The Global Market
The global wine market is expected to reach nearly $500B USD this year and will grow at a 6.5% CAGR. The global whisky market is slated to come in at close to $70B, growing at a 6% CAGR. The current size of these markets and their respective growth estimates are a reflection of global demand potential , the effects of new economies coming online, increased wealth, and improved efficiencies in finding their way to the global markets. What’s more the mega-shift in investment dollars into alternative assets will continue to bolster this asset class, even aside from its inherent drivers.
These figures, from Grand View Research and Global Market Insights, are comprised of a variety of sub-markets and include everything from the wine you grab at your grocer to the rarest bottles of wine in the world, like these bottles of DRC that went for ~$500,000 each. The fine wine portion is around $8B USD per annum and is expected to grow by 30% over the next five years. The fine wine futures markets, also known as “en primeur” (read more about that here), currently sits at $2.6B/year USD and is expected to grow to $3.7B/year USD over the next 5 years.
The current size of the market and these growth estimates are a reflection of the global demand for this asset class, the effects of new economies coming online, and efficiencies finding their way to the global trade markets.
Orgins of The Market
Wine has been produced for thousands of years both in Europe and Asia. By Roman times, Mediterranean trade routes had been established to produce and transport wines from as far west as modern-day Bordeaux, France, and Jerez, Spain. As long as this trade has existed, certain regions and wines have been preferred over others.
Over the centuries, the wine trade has expanded and evolved as empires have come and gone. The British, Dutch, and Portuguese have been particularly instrumental in growing the global wine trade as all three countries were naval and merchant powers who needed wine to supply to their colonies. The shipping network that evolved both to support colonies and to supply domestic markets led to the popularization of Sherry, Port, and Madeira wines, all of which relied on overseas markets for demand. It is the British, however, that have had the largest impact on growing the global wine trade, including creating a market for both Bordeaux and Champagne and putting them on the global map. It is for this reason that London is still the largest hub for wine trading in the world.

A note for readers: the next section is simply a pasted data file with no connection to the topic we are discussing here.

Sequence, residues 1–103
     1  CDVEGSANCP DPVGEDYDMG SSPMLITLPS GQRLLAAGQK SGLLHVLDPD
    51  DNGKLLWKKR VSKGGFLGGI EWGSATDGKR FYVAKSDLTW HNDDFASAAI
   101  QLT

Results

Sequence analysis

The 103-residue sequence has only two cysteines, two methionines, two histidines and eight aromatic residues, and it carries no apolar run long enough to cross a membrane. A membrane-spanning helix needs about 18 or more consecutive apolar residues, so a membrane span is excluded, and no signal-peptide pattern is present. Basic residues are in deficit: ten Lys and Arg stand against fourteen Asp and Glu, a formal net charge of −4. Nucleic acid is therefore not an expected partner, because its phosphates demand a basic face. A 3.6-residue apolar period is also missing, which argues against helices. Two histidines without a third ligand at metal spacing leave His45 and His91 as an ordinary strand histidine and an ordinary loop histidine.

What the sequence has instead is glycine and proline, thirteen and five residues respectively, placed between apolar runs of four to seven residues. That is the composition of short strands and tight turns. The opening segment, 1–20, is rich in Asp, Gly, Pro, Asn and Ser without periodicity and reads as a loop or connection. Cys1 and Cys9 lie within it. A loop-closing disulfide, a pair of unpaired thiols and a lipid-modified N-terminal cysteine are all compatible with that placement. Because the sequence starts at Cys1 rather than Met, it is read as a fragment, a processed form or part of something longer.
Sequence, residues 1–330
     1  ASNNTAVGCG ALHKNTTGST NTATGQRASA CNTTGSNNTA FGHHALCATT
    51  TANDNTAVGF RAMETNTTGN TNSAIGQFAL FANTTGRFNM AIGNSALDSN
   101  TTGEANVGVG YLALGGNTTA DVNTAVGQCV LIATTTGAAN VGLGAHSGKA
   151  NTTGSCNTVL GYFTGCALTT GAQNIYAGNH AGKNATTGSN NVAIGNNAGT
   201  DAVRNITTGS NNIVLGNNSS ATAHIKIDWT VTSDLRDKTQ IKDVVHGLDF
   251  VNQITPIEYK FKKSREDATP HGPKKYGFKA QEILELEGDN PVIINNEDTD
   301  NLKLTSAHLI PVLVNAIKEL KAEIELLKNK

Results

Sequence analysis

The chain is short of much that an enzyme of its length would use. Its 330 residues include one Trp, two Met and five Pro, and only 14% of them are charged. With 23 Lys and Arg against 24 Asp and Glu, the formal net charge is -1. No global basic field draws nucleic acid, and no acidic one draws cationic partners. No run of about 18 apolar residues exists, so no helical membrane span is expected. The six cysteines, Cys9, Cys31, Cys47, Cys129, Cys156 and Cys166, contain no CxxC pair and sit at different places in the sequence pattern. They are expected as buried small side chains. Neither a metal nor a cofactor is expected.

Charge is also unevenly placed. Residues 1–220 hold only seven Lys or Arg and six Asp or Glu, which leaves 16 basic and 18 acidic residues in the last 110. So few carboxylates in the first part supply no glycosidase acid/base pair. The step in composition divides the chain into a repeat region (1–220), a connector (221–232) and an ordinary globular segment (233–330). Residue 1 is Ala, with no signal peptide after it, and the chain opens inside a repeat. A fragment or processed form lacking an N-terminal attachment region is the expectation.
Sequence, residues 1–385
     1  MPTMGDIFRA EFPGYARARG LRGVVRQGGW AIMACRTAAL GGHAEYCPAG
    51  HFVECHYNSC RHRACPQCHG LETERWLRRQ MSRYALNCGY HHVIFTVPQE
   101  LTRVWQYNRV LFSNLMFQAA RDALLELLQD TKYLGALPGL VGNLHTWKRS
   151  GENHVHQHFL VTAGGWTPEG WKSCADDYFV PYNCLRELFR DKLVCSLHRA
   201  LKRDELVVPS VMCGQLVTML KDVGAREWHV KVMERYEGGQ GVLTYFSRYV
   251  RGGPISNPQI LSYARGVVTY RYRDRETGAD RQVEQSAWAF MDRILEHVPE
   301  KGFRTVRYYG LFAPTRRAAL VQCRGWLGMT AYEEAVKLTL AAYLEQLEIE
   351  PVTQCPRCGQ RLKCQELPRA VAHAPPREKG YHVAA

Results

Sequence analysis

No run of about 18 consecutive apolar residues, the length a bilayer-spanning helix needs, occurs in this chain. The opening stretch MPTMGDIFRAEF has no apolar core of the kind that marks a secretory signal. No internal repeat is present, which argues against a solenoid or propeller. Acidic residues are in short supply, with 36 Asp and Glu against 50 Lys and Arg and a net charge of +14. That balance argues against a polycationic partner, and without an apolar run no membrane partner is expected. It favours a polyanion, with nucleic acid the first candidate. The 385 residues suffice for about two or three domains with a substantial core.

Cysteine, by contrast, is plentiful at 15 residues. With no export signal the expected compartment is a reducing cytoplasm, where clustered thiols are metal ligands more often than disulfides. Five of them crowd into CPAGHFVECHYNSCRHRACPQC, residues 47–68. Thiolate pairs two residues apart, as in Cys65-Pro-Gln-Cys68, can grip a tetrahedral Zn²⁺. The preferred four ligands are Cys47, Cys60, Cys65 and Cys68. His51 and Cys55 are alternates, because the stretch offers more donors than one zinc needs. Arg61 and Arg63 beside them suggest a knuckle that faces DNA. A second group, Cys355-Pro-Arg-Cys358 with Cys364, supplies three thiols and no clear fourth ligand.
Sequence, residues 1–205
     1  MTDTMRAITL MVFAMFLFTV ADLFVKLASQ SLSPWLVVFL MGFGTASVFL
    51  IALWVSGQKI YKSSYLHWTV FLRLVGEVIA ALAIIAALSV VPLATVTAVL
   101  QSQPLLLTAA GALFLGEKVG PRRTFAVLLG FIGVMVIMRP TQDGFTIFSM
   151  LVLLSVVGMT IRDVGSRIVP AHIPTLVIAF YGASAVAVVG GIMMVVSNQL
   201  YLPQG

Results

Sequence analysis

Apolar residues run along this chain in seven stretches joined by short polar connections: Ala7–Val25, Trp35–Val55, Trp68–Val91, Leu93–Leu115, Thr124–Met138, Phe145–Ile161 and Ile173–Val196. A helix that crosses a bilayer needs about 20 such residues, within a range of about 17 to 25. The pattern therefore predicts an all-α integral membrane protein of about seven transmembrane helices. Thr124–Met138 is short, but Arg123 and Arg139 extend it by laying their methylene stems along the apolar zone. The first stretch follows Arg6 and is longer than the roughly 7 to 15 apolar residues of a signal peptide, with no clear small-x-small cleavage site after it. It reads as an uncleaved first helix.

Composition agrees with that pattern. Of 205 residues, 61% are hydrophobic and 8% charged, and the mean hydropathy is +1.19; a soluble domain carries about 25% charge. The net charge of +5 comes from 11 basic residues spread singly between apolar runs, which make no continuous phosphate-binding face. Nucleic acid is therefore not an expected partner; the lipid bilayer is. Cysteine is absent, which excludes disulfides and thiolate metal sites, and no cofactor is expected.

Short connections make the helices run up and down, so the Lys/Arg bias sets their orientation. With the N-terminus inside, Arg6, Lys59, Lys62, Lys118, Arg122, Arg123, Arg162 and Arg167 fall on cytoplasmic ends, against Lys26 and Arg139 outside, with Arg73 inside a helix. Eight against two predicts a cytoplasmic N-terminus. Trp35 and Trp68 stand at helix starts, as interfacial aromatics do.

As the era of colonization came to an end and technology advanced in the late 1700s and 1800s, a new era of wine came about. Wine shifted from being traded in barrels to being traded in bottles, and regions began to formally classify top appellations, vineyards, and producers. With these advancements, the stage was set for a new era of investing to begin.
The first half of the 1900s saw wine collecting flourish and become a hobby predominantly for the affluent who had connections in Europe, where historically the top wines all hailed from. However, in the second half of the 20th century, wine grew at a rate that had not yet been seen.
The Bordeaux En Primeur system blossomed as the châteaux needed funds following the war years. Italy came into its own in the 1960s with Super Tuscans, Brunello di Montalcino, and Piemontese wines all making enormous leaps in quality and recognition. At the same time, the new world regions like Napa Valley, Australia, New Zealand, and others burst onto the scene triggering further growth in the global interest in fine wine.
Fast forward to the last quarter century, and we have seen the internet, and the connectivity that comes with it, expand the global collector community by leaps and bounds. Add to this a new class of ultra-wealthy individuals interested in wine, and the Asian market becoming a force following the dropping of wine import taxes in Hong Kong in 2008, and the demand and the awareness of and demand for the top wines of the world is higher than it has ever been.
It is this storied history that has generated important data and historical performance which has provided many investors with the information they seek prior to investing. A few data points stand out amongst the set though.
– Over the last 121 years, wine as an asset has returned +8% annually. This is an impressive feat, but where it gets more interesting is the asset classes’ correlation, or lack thereof, to traditional markets. It is this number (around 0.12), based on historical performance, that has had investors turning to wine and spirits, not only as a luxury good to enjoy but as a safe haven for their wealth.
We’ve seen this play out a few times in recent history, in 2008 when the S&P 500 crashed ~30%, the fine wine market, tracked by the Liv-ex 1000 (see additional resources for more info on Liv-ex), fell a mere 0.6%. In H1 of 2022, while the Nasdaq slid ~25%, fine wine actually ticked up 11.1 (Liv-ex 1000). This resilience and correlation (lack thereof) has kept wine on the radar of high-net-worth individuals for hundreds of years.
What we’re most excited and energized about at Vint.
The ability to bring this type of asset and investment opportunity to millions of investors for the first time in history. Prior to Vint, the ability to build a diversified investment-grade portfolio of fine wine and rare spirits was limited to those with millions and millions of dollars. Through our platform, SEC qualification, and a team of industry-leading professionals, we are working to bring wine and spirits securities to every portfolio.